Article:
The sun was hot but a cool breeze mitigated some of its effect as we bent over the rows of reedy garlic plants. Rachelle, the owner of Earthkeeper Farm, a USDA Organic and Snail of Approval certified farm in Kent City, MI, had already gone through the rows and “forked” them, loosening the soil around each bulb. It was our job to squat down, grasping the base of the stem firmly, and pull each bulb from the ground where it had been planted last fall. We gently brushed off the clods of dirt stuck to the roots and placed them in bins.
“Careful with that,” Rachelle called from a row over. “Garlic is fragile until it’s cured; you don’t want to knock the heads together.” I nodded and gently piled up the fragrant bulbs. After about an hour of pulling, cleaning, and placing we took the garlic back to the barn. The shelter offered a bit of an oasis from the heat, but we were all sweaty and caked in dirt anyways, so it didn’t matter much anymore. Pieces of twine were cut to tie together ten heads of garlic. These bunches were hung on strings in the barn to dry out for winter storage.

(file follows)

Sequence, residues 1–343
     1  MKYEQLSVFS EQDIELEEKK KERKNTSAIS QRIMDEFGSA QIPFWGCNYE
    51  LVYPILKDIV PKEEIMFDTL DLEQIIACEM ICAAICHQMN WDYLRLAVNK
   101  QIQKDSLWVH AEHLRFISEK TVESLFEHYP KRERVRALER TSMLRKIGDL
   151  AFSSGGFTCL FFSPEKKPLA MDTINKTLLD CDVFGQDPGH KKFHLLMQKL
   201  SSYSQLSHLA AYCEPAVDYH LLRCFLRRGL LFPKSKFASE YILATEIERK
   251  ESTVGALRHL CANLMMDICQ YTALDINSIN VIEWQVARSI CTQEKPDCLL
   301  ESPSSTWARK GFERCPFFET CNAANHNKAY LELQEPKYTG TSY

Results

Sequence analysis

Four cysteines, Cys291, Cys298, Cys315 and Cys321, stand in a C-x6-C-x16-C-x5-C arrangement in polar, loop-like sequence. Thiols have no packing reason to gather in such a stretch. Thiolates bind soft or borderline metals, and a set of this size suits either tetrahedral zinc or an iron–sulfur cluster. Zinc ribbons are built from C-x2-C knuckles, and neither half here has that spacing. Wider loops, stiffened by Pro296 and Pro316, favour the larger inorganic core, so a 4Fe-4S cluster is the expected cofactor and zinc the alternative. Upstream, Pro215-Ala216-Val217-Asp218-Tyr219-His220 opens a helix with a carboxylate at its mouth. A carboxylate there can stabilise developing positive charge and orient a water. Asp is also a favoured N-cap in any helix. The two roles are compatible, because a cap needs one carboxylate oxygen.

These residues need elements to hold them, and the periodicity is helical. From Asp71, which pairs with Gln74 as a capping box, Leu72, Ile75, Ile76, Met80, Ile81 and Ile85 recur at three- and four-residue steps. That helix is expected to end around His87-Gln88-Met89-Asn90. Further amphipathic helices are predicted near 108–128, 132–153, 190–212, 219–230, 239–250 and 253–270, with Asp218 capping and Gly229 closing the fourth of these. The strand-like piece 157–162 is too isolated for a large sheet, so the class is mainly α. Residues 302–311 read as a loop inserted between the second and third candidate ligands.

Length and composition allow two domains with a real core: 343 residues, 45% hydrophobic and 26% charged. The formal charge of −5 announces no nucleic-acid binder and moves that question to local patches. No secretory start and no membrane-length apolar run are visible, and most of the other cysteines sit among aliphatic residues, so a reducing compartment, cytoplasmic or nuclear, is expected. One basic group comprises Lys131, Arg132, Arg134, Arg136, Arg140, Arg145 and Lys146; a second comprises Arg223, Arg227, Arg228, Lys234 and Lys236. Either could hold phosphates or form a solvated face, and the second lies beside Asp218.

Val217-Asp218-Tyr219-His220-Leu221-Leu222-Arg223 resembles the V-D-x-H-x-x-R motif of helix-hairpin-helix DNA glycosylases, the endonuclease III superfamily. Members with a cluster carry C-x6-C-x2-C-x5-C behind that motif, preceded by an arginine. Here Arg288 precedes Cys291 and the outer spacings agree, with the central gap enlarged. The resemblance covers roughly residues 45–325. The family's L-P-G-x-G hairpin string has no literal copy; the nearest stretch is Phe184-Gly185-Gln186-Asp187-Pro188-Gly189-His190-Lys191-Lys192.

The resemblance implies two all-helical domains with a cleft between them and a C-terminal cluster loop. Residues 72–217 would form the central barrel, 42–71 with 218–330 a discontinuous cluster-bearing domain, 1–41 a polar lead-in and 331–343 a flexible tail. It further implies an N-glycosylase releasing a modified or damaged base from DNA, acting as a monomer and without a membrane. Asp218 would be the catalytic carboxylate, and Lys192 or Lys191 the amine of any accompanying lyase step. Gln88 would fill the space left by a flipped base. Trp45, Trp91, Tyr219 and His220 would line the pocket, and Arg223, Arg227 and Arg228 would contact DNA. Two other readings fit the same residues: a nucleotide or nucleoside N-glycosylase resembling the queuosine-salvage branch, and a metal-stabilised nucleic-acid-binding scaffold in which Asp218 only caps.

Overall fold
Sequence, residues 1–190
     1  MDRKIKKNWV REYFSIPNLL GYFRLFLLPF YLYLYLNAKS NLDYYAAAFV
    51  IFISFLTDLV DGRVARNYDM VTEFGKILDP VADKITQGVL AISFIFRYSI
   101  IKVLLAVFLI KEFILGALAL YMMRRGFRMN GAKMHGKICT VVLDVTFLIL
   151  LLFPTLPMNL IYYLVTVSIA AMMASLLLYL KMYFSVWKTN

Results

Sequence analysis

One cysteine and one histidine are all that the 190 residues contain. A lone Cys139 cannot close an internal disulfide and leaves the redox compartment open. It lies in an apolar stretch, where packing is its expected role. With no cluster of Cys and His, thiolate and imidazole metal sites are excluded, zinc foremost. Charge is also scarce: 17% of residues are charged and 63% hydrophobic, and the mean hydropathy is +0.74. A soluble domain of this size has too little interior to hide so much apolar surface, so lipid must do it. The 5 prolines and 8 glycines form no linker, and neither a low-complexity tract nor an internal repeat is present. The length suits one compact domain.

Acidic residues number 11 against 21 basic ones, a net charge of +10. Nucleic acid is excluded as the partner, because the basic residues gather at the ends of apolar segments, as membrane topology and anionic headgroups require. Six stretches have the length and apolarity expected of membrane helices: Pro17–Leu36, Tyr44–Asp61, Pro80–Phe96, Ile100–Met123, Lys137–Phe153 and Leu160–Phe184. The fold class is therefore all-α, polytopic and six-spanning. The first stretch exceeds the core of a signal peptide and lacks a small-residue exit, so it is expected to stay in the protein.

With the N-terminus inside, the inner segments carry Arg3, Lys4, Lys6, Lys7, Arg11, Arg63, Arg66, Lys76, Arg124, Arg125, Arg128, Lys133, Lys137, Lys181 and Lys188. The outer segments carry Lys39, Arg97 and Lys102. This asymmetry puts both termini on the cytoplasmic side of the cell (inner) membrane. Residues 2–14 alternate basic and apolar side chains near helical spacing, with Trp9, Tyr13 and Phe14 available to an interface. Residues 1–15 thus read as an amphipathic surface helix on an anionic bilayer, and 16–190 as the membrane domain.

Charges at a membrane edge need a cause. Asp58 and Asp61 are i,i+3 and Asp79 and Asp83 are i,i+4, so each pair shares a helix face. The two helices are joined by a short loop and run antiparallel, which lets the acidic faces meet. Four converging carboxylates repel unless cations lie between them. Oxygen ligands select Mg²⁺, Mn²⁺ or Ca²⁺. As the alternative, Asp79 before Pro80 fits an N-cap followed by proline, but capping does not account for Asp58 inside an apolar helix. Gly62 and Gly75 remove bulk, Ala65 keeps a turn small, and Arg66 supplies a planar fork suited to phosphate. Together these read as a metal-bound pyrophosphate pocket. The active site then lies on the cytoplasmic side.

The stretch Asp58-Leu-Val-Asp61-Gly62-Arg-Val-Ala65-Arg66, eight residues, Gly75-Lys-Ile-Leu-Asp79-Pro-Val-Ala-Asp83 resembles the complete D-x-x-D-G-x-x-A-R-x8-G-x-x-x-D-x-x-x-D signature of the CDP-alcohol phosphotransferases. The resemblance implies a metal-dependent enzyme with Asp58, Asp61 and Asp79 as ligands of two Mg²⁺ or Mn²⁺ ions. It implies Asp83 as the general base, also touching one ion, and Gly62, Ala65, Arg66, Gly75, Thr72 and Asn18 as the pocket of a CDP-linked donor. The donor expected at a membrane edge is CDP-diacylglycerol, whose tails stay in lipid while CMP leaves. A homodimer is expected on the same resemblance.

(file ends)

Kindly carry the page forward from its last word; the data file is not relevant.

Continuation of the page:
“Lemonade!” a child’s voice called from outside the barn. Rachelle’s young son stood there, carrying mason jars filled with the sweet, tangy beverage. A welcome break from our work, we paused to lay in the grass and sip on the ice cold drink. We chatted, exchanging stories about how we all came to be on the farm that day. The conversation continued as we finished hanging the bulbs, ranging from mundane talk about our day jobs to deep discussions about all the wonders that exist to be explored in the world.
“Done!” Rachelle announced around 4:45. We had even finished a bit early. We cleaned up the extra bins. One volunteer departed to feed the chickens. I wandered back to the main barn were I was handed three heads of garlic “seconds” – these had been stabbed with the pitchfork or had a slight blemish. I hugged Rachelle goodbye and drove home to roast this gift I had received. I knew it would taste unbelievable, not just because of the quality of Earthkeeper Farm‘s produce, but because of my newly gleaned first-hand knowledge of the effort that goes into producing that pungent, fragrant, common garlic clove.
Preheat the oven to 350 degrees Fahrenheit. Cut of a bit off the tip of a whole head of garlic. Leave the papery skins on the head. Drizzle with olive oil and sprinkle with salt, then wrap the whole thing in aluminum foil. Bake in oven for 30-35 minutes, until cloves are soft. Let cool slightly, then squeeze cloves out onto fresh bread.